With the sports season starting, athletes at every level are getting their heads back in the game. The constant action and excitement of sporting events offer a ton of opportunities for photographers to test their own skills. Like athletes, sport photographers need excellent reflexes, lots of practice on the field and of course, reliable equipment.
Choosing the right Lens
Sports photographers are constantly on the move, and some venues prohibit bulky camera equipment, so load up your gear bag with the absolute essentials. Seasoned sports photographers use versatile multi-focal lenses that offer options for long distance and close-up shots. When capturing college-level games in stadiums, a telephoto lens with Image Stabilizer, such as the Canon EF 70-200mm F/2.8L IS III USM, allows you to capture football teams facing off at the scrimmage line from a high vantage point as well as zooming in as close as four feet from a quarterback poised to throw a pass.
If you’re shooting from the sidelines or in smaller indoor venues, a lens with mid-range focal length such as the Canon EF 24-70mm F/2.8L II USM gets wide enough to show the entire court and close enough to capture a volleyball player reaching over the net to block a spike.
Boost your shutter speed
The most dynamic sports photos show athletes in action — a basketball player leaping to make a slam dunk, a wide receiver stretching to catch a pass, or a runner pumping their arms in mid-sprint. To freeze these moments, you’ll need to use fast shutter speeds. Keep your camera settings simple by working in Sports mode or switch to Shutter Priority mode for more control over speed. Faster shutter speeds — between 1/500th sec. and 1/1000th sec. — will freeze-frame the action with crisp results. With slower shutter speeds — from 1/50th sec. to 1/500th sec. — you can convey movement with the blur from the athlete in motion.
Capture every moment
Enable Continuous Shooting in Drive mode to catch moments of impact — the splash from a swimmer plunging into the water or the swoosh of a basketball through the net. Combine with Continuous AF (Autofocus), also known as AI Servo AF, to keep your subject in focus while snapping. The AI Servo AF feature allows the lens to maintain its focus for multiple shots, tracking your subject as you hold the shutter button. Use the uniform numbers as your guide for tracking players on the field as the contrast between the colors and numbers of the jersey make it easier to lock and maintain Continuous AF.
The demands of continuous shooting can drain your battery and fill your memory card before the game is over. Carry a couple of extra memory cards in your camera bag and use lulls between game periods to make switches so you don’t miss the overtime goal determining the playoff champion.
Be aware of your backgrounds
While you can’t control the action on the field, you can make the action look more exciting in your photos by controlling the visual details around the venue. If the bleachers full of cheering fans are too distracting in your compositions, look for angles with higher contrast between both the background and players. Use Av (Aperture Priority) mode to control the depth-of-field by setting the aperture to wider settings (f/2.8 – f/5.6), which will blur the background and draw the eye into the action of the scene.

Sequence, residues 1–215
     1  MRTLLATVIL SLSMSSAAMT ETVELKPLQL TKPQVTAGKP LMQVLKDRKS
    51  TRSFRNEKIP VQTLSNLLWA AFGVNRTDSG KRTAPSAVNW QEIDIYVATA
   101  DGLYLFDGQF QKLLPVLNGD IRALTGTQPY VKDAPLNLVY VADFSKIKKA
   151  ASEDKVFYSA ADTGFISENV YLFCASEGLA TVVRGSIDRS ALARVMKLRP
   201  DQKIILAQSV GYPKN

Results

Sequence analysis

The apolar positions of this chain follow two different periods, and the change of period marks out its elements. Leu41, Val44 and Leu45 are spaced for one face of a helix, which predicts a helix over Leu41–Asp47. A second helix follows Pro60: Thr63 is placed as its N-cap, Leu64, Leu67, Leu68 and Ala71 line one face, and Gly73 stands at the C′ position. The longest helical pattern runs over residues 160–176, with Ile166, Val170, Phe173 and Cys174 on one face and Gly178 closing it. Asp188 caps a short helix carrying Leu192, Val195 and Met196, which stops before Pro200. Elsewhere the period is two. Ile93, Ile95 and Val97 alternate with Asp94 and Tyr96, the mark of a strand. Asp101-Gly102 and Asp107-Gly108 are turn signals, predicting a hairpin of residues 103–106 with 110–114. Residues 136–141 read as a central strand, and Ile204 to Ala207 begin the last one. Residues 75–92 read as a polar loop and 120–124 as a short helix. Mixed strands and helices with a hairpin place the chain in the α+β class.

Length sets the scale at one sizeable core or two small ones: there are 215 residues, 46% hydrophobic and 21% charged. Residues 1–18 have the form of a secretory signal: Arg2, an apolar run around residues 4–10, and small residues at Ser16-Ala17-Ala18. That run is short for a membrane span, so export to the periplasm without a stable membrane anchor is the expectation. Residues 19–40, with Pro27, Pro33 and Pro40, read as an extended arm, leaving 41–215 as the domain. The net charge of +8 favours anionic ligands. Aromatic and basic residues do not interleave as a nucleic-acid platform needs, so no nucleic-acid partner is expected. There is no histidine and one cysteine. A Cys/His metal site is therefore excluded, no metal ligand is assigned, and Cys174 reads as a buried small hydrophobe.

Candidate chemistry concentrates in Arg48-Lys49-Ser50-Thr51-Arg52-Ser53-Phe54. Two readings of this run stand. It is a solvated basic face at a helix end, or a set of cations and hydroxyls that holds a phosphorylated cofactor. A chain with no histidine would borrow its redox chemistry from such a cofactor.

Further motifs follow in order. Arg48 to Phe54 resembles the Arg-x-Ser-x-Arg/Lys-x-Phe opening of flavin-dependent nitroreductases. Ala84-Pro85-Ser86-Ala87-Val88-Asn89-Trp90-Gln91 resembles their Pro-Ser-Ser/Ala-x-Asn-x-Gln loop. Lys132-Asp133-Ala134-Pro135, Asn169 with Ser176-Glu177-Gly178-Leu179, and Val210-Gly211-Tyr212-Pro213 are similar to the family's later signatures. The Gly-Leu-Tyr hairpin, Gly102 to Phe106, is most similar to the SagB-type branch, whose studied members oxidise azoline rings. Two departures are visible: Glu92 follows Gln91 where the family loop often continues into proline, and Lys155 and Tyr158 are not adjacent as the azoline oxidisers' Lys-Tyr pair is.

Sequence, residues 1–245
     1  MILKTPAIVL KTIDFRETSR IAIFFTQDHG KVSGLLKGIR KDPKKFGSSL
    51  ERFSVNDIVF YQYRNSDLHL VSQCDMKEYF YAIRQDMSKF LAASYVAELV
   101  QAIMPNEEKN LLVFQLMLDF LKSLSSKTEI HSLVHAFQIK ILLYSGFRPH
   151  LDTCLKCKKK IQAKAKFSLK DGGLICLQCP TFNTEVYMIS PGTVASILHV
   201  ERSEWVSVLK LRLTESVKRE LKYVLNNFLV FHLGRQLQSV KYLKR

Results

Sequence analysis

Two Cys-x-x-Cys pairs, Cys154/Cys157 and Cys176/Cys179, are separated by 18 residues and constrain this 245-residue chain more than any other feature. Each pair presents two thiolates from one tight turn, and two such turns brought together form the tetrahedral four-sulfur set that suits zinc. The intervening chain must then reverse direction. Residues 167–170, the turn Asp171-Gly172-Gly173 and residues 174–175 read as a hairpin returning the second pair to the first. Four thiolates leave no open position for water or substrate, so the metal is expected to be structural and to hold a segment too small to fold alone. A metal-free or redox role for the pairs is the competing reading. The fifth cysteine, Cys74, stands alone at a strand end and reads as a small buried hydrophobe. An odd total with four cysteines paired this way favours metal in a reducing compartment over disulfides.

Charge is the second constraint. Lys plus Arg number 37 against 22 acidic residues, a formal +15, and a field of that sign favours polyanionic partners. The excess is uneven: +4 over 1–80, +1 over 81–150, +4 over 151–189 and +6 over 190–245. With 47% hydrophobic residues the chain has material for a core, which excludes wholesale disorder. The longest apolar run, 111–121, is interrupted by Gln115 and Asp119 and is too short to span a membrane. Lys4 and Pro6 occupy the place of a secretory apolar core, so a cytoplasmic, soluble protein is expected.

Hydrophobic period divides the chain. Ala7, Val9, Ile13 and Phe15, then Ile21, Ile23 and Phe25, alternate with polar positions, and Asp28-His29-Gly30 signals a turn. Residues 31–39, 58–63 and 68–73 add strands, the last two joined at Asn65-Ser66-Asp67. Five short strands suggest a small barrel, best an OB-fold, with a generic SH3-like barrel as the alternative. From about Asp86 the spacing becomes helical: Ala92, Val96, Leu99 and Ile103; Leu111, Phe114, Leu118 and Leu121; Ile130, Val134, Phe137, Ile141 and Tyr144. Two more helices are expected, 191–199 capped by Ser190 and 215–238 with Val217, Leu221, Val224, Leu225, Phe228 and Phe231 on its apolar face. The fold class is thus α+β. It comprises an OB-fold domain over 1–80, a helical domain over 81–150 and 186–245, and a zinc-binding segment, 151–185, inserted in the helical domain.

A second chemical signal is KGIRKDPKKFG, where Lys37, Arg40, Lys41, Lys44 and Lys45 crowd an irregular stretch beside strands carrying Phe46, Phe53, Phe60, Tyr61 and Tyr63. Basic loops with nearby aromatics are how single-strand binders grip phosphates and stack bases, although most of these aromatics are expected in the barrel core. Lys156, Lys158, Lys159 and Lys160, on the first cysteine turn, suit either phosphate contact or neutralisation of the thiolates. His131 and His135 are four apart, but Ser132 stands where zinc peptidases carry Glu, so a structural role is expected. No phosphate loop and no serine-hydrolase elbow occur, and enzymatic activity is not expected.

For wide-angle shots, use a tilt-shift lens such as the Canon TS-E 24mm f/3.5L II, which allows you to control the perspective and increase or decrease the amount of focus in your image. In athletic events including competitive swimming or track and field, the tilt-shift lens can be used to blur the dividing lanes and draw the eye to the athletes taking their laps.
Aim beyond the playing field
Sporting events are about more than big plays and the final score. Seek out interesting compositions off the field, like the ticking countdown clock over the coach’s shoulder, fans erupting into cheers over a touchdown, and anxious players waiting to be placed in the game. Also, look for reactions of athletes after big game moments — the quarterback dejectedly walking off the field after a fumble or a point guard celebrating her buzzer-beating three-pointer — can be as compelling as the action itself.
Go wide with your compositions
Wide-angle lenses let you exaggerate the depth of the scene. On the basketball court, a low wide-angle view from the baseline can distort the distance between the player and the hoop. Use an ultra-wide-zoom lens such as the Canon EF 16–35mm f/2.8L III USM to capture the overall environment — incorporating the playing surface and sidelines, the bleachers, and any external surroundings of outdoor venues into one image.
Take your compositions to the extreme with a fish-eye lens, like the Canon EF 8-15mm f/4L Fisheye USM, which offers a short focal length for crisp details in panoramic photos and curved angles for intense action. Get creative with the fish-eye lens to snap unique images of the pregame huddle or give the scrimmage a dreamlike quality.
Improve your sports photography game by regularly attending a wide variety of local youth, high school, and college games, from football and basketball to soccer and field hockey. Getting to know the rhythm of the sport, the players’ personalities and the team dynamic will help you develop your own instincts and enhance the quality of your photos. By the end of the season, you’ll be a champion sports photographer.